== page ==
One of the most important aspects of the 50/50 Campaign was the campaign’s decision to provide financial support for individual candidates. In the 2014 election cycle, the 50/50 Campaign provided all female parliamentary candidates who requested assistance with a total of MWK 200,000 in cash payments (equivalent to about $500 US dollars) to support some of their campaign costs; female candidates for local council positions were provided with MWK 100,000. Additionally, the 50/50 campaign provided female parliamentary candidates with distributable campaign materials (such as t-shirts, banners, and flyers).
In terms of non-monetary support, the 50/50 Campaign provided female parliamentary candidates with mentoring throughout the campaign process to provide them with advice regarding platform development, strategic campaigning advice, and marketing for public community events. Additionally, they provided legal counsel for female candidates who wished to contest the results of their race.
Results and Key Takeaways
Overall, the efforts taken by the 50/50 Campaign to achieve gender parity in Malawi’s National Assembly fell short of its goal of increasing the number of female MPs in the National Assembly, as the total percentage of female MPs fell by six percent.
In terms of financial aid, some female candidates found that the money and promotional given to them by the 50/50 campaign were simply not sufficient to make any meaningful difference in their own campaigns; in the ODI Report, one candidate said that MWK 200,000 allotted to her from the 50/50 Campaign was, “enough for one meeting.” Another candidate reported that she chose not to distribute the t-shirts provided by the 50/50 campaign because giving out the small number of shirts provided to her would cause animosity among her support base and would ultimately be more harmful than giving away nothing. Therefore, if the 50/50 Campaign chooses to continue providing financial support to female candidates, they must secure enough funding to be able to provide them with more substantial amounts of money.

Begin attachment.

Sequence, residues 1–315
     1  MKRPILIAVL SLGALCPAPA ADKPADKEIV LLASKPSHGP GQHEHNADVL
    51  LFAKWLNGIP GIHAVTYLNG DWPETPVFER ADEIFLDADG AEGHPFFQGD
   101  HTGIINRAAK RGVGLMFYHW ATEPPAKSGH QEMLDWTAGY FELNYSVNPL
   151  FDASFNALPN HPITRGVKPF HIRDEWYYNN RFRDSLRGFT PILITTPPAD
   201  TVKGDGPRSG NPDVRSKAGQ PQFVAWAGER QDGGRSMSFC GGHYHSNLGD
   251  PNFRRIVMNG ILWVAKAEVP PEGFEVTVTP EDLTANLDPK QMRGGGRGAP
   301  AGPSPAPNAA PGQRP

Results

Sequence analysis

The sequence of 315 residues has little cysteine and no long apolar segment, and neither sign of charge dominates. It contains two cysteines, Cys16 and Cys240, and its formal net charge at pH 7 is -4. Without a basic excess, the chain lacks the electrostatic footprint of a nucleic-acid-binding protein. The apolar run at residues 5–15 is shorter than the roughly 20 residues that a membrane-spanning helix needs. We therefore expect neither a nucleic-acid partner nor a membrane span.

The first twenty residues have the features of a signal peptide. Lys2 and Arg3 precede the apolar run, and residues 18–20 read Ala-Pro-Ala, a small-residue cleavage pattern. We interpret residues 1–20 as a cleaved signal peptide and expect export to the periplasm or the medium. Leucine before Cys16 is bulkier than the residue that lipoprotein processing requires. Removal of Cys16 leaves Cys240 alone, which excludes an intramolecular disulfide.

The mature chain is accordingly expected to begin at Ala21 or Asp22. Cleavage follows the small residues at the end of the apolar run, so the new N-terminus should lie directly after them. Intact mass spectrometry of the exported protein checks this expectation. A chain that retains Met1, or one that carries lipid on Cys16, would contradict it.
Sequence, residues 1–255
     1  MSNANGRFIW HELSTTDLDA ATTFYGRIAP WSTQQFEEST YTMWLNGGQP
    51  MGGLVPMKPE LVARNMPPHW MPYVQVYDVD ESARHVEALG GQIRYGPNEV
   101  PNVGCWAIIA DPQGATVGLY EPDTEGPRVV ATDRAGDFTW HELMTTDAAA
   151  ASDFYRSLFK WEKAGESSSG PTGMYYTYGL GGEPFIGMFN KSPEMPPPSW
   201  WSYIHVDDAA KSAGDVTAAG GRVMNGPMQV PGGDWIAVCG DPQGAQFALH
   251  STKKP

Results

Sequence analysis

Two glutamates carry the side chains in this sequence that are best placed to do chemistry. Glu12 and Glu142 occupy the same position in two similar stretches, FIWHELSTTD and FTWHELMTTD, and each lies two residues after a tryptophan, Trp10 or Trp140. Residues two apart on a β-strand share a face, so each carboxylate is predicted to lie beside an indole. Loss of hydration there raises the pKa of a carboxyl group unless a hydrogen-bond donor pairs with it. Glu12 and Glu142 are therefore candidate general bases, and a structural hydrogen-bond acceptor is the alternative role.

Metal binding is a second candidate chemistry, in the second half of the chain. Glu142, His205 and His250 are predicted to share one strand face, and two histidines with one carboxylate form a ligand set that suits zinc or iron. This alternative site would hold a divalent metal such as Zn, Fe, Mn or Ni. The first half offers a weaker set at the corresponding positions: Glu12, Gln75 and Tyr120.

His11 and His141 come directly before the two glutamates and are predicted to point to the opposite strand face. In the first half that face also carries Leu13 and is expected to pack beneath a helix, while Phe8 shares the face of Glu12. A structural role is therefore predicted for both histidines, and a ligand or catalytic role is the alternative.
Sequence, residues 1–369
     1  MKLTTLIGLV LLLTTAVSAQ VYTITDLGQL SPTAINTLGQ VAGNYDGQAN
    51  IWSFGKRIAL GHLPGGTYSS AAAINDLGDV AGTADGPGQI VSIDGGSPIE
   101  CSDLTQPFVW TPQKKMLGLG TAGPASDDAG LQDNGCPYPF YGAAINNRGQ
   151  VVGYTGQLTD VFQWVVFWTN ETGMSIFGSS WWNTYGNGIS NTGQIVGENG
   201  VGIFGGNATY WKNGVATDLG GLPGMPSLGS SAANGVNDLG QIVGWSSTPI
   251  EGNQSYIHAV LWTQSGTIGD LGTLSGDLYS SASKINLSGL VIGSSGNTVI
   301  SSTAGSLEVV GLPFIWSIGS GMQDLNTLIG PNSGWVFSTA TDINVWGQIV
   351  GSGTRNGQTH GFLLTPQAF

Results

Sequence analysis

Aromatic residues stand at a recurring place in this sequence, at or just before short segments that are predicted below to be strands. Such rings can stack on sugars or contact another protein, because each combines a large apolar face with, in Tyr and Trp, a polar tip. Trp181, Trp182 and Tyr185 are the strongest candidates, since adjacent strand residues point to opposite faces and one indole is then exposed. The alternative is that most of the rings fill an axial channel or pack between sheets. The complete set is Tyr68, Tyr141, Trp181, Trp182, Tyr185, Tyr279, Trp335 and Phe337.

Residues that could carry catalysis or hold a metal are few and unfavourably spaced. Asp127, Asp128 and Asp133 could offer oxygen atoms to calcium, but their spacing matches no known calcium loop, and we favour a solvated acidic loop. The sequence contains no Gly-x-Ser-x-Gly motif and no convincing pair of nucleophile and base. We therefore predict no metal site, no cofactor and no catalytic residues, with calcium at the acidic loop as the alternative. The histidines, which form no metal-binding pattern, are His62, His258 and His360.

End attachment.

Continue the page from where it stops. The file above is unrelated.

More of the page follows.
The most glaring critique of the 50/50 Campaign’s efforts in the 2014 elections were that the NGOs involved focused more heavily on increasing the number of eligible female candidates rather than addressing misogynistic attitudes that still pervade many aspects of Malawian society. According to the University of Malawi’s Afrobarometer polling dispatch, only sixty-one percent of Malawians believe that women should have the same chance as men to pursue leadership positions; the survey also found that men and women were equally as likely to believe that women should be able to pursue elected positions. Additionally, a 2014 survey taken by the University of Malawi found that thirty-seven percent of Malawians believe that men make better political leaders than women. While these surveys do not enumerate the reasoning behind the poll results, they suggest that Malawian men and women are equally likely to hold views that are problematic for the progression of female political leadership. In order to combat negative perceptions of women’s leadership, the 50/50 Campaign could support education initiatives that work to highlight accomplishments of female politicians and encourage discourse and diversity of thought regarding gender roles.
Directives for Future Campaigns
Task individual NGOs with creating educational programs and events that highlight the importance of gender equality
Increase budget to provide female candidates for National Assembly seats with more significant (at least double) campaign donations than they received in the 2014 election cycle
Task NGOs with conducting surveys that ask voters if/why they would be hesitant to vote for a female candidate